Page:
NASA Experiment Will Pay You $18,000 To Stay In Bed

To test the effects of microgravity on astronauts traveling on extended space missions, the agency will pay qualified candidates who are willing and able to stay (mostly) horizontal for 70 days straight.

What's the Latest Development?


NASA is currently looking for people who are willing to lie in a special bed, tilted head-down at a six-degree angle, for 70 days...straight. Selected participants will be paid $1,200 per week for 15 weeks: a total of $18,000. There are a number of caveats: Candidates will need to pass rigorous physical and psychological tests to ensure that they resemble, according to the application form, "the [NASA] astronaut population." Those selected can spend their time doing anything they want -- surfing the Internet, reading, even working remotely if their job lets them -- so long as they don't get out of bed.

What's the Big Idea?

The study is meant to examine the effects of microgravity on humans during extended space missions. Tilting the bed affects the cardiovascular system in ways similar to those experienced in space, and lying in a horizontal position causes muscle and bone density atrophy. After the 70 days end, test subjects will perform a series of exercises and tasks that resemble those astronauts would do once they arrived at their destination. Senior scientist Roni Cromwell says that the results "will [eventually] help astronauts maintain their health while in space."

Photo Credit: Shutterstock.com

Read it at Forbes

Related Articles
Playlists
Keep reading Show less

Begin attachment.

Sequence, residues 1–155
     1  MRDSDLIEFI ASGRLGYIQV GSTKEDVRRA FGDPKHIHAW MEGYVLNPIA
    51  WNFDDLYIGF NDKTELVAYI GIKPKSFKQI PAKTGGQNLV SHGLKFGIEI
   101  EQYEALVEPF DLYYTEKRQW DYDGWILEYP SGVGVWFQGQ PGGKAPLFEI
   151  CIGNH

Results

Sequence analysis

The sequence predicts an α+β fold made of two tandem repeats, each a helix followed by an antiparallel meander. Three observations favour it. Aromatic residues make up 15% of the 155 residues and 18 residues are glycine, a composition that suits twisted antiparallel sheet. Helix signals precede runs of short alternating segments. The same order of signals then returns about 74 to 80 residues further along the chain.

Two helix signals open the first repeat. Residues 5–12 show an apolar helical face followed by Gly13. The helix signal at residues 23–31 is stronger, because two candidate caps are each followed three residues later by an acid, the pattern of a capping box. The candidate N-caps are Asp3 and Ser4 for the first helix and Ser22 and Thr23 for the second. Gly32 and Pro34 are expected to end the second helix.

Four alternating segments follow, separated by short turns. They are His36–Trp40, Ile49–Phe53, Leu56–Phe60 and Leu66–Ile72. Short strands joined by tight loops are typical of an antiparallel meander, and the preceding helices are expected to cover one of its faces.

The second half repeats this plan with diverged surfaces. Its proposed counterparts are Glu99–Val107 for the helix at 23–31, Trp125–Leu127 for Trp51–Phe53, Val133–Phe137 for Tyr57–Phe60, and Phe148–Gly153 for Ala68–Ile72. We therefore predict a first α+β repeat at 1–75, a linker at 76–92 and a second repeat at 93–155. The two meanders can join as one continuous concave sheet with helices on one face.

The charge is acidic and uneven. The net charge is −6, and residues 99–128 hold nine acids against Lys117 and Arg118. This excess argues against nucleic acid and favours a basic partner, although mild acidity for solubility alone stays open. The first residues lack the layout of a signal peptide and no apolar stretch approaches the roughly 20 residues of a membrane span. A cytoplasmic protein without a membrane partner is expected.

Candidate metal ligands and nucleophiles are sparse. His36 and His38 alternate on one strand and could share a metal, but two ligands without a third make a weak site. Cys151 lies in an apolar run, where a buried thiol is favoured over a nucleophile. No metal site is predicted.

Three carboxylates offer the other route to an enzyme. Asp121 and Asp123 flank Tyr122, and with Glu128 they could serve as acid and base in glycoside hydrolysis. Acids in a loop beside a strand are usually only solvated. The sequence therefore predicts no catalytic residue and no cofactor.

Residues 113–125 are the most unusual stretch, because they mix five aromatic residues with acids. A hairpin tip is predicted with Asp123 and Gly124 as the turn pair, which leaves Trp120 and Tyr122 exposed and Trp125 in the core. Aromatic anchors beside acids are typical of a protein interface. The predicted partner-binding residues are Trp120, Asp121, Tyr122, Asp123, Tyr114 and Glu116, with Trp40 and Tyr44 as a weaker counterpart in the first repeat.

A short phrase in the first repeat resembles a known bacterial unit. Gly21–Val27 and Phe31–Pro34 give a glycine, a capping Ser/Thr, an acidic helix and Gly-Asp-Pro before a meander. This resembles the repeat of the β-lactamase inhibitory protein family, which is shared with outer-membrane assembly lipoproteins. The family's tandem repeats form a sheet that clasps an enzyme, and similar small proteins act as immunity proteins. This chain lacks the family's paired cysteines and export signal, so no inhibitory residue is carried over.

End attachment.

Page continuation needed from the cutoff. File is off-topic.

Five foods that increase your psychological well-being

These five main food groups are important for your brain's health and likely to boost the production of feel-good chemicals.

Mind & Brain

We all know eating “healthy” food is good for our physical health and can decrease our risk of developing diabetes, cancer, obesity and heart disease. What is not as well known is that eating healthy food is also good for our mental health and can decrease our risk of depression and anxiety.

Keep reading Show less

For the 99%, the lines are getting blurry

Infographics show the classes and anxieties in the supposedly classless U.S. economy.

What is the middle class now, anyway? (JEWEL SAMAD/AFP/Getty Images)
Politics & Current Affairs

For those of us who follow politics, we’re used to commentators referring to the President’s low approval rating as a surprise given the U.S.'s “booming” economy. This seeming disconnect, however, should really prompt us to reconsider the measurements by which we assess the health of an economy. With a robust U.S. stock market and GDP and low unemployment figures, it’s easy to see why some think all is well. But looking at real U.S. wages, which have remained stagnant—and have, thus, in effect gone down given rising costs from inflation—a very different picture emerges. For the 1%, the economy is booming. For the rest of us, it’s hard to even know where we stand. A recent study by Porch (a home-improvement company) of blue-collar vs. white-collar workers shows how traditional categories are becoming less distinct—the study references "new-collar" workers, who require technical certifications but not college degrees. And a set of recent infographics from CreditLoan capturing the thoughts of America’s middle class as defined by the Pew Research Center shows how confused we are.

Keep reading Show less